"This has brought down the median 'patch gap' from 33 days in Chrome 76 to 15 days in Chrome 78, and we continue to work on improving it," he further told.

Apple Engineers to Standardize the Format of the SMS Messages Containing OTPs


A proposal comes from Apple engineers working at WebKit, the core component of the Safari web browser, to institutionalize the format of the SMS messages containing one-time passwords (OTP) that users receive during the two-factor authentication (2FA) login process.

 With 2 basic goals, the proposal aims initially is to introduce a way that OTP SMS messages can be associated with a URL, which is essentially done by adding the login URL inside the SMS itself.

And the second being to institutionalize the format of 2FA/OTP SMS messages, so browsers and other mobile applications can undoubtedly distinguish the approaching SMS, perceive web domain inside the message, and afterward consequently extract the OTP code and complete the login operation moving forward without any further user interaction.

According to the new proposal, the new SMS format for OTP codes would look like below:

747723 is your WEBSITE authentication code. 
@website.com #747723 

The first line, intended for human users, permits them to decide from what site the SMS OTP code originated from and the second line is for both human users as well as for applications and browsers.

 Applications and browsers will consequently extricate the OTP code and complete the 2FA login operation. In the event that there's a 'mismatch' and the auto-complete operation falls flat, human readers will have the option to see the site's original URL, and contrast it with the site they're attempting to login.

On the off chance that the two are not similar, at that point, users will be alerted that they're very a phishing site and forsake their login activity.

When browsers will deliver components for reading SMS OTP codes in the new format, significant providers of SMS OTP codes are required to switch to utilizing it. Starting now, Twilio has already communicated its enthusiasm for actualizing the new arrangement for its SMS OTP administrations.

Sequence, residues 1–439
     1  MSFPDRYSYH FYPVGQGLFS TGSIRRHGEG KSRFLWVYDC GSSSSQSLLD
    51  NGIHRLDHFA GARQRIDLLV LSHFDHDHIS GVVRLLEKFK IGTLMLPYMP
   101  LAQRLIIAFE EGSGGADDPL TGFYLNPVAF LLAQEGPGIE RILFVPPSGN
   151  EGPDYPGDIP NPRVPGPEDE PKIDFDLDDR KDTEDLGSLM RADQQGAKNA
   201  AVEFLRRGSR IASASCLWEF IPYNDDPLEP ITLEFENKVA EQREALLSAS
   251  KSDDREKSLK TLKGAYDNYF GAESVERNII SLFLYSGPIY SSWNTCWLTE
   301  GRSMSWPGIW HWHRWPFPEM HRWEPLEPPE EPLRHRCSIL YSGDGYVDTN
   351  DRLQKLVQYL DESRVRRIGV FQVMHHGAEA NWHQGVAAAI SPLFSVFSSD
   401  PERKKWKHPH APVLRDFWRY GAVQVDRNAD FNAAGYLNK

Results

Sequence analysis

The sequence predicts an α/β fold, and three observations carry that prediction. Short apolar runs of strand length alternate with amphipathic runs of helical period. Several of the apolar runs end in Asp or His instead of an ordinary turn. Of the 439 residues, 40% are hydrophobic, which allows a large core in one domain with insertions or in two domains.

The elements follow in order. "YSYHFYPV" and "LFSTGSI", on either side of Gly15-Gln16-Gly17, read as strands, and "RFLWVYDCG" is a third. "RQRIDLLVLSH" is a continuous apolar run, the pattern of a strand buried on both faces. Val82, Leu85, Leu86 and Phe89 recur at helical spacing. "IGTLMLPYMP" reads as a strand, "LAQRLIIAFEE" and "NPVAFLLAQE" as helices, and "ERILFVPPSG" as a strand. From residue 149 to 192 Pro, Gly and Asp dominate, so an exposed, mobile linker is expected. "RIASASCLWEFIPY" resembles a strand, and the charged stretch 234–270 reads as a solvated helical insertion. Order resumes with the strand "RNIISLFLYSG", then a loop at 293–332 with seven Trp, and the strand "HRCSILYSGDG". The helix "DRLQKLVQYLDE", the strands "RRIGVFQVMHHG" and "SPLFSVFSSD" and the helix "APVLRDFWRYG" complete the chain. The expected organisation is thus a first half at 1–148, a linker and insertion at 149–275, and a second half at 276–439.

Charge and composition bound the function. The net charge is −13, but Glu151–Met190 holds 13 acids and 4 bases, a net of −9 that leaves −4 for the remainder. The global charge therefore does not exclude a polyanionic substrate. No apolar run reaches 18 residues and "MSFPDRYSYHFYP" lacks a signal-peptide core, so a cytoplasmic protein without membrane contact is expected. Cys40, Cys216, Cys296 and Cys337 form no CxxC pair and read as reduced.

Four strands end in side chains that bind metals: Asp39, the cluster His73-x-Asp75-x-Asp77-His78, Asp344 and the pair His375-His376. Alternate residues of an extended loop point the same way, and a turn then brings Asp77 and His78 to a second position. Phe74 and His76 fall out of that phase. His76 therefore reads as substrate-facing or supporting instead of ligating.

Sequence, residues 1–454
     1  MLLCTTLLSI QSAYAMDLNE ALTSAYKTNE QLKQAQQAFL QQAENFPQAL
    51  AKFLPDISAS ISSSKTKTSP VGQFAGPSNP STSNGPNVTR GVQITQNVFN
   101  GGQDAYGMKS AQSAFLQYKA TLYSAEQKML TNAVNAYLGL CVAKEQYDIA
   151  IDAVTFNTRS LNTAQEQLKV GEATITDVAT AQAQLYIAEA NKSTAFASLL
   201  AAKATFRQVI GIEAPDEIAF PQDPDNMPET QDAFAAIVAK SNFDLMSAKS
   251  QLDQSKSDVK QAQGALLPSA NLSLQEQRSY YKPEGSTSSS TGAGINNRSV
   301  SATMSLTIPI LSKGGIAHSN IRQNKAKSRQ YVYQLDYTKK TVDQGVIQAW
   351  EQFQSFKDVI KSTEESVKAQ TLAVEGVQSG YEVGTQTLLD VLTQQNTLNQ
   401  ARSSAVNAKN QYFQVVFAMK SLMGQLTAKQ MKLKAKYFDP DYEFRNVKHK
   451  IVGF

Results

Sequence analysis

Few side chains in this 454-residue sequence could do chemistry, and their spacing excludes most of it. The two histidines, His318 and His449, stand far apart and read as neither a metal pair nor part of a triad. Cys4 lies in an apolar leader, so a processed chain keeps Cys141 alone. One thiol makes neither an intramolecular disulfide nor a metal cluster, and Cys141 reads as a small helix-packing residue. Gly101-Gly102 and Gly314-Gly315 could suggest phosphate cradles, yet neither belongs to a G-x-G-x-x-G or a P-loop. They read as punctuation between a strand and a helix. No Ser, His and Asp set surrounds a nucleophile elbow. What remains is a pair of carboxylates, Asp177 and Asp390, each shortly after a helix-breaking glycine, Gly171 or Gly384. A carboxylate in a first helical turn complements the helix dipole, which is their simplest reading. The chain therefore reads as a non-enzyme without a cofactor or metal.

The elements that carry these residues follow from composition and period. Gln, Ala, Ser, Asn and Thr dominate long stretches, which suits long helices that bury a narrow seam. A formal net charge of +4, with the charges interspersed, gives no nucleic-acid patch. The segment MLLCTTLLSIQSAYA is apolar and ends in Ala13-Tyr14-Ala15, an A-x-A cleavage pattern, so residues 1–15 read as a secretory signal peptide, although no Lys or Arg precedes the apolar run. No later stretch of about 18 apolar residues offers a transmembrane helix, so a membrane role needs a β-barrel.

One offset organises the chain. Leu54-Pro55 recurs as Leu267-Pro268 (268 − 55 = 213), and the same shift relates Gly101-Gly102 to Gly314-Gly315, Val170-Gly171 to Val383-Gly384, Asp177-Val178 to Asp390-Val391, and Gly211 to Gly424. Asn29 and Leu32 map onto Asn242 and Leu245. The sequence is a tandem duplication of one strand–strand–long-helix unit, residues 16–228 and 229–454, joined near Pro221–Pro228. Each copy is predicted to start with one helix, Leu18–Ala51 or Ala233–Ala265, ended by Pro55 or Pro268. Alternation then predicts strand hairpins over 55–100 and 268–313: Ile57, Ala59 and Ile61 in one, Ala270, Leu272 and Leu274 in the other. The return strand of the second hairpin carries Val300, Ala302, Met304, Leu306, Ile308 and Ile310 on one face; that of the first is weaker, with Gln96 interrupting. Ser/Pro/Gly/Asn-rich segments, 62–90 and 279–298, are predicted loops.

Presently, while Apple (WebKit) and Google (Chromium) engineers are quite energetic about the proposition, Mozilla (Firefox) has not yet given an official criticism on the standard yet.

Vulnerability in Chrome Allows To Virtually Take Over Any Android-Based Device



A critical vulnerability in Chrome for Android apparently exploited and displayed in a quite popular hacking contest is now being known to empower anybody with specialized technical expertise to remotely take control for all intents and purposes any Android-based device. 
Found by PacSec speaker Guang Gong from Qihoo 360 at Pwn2Own the vulnerability in Google's JavaScript v8 is said to purportedly influence all renditions of Android running the latest version of Chrome. 
What makes this specific vulnerability stand out amongst the remaining of the already established hazardous and risky ones is that being a 'one shot exploit', just one is sufficient to remotely hack the device. 
At first, the user is tricked into visiting a vindictive website on Chrome and once there, an attacker effectively installs an arbitrary application into the device thusly gaining full privileges. 
"As soon as the phone accessed the website the JavaScript v8 vulnerability in Chrome was used to install an arbitrary application (in this case a BMX Bike game) without any user interaction to demonstrate complete control of the phone," it was reported.
Despite the fact that android fixed 33 vulnerabilities, in which, 9 vulnerabilities were categorized under critical severity and rest of the 24 were fixed under "high" severity.
Until now no more insights regarding the exploits have been unveiled. Google, on the other hand has purportedly been made mindful of the Chrome vulnerability, regardless of whether it has been fixed is yet to be affirmed.

Hackers Now Tricking Users with Fake Address Bars on Chrome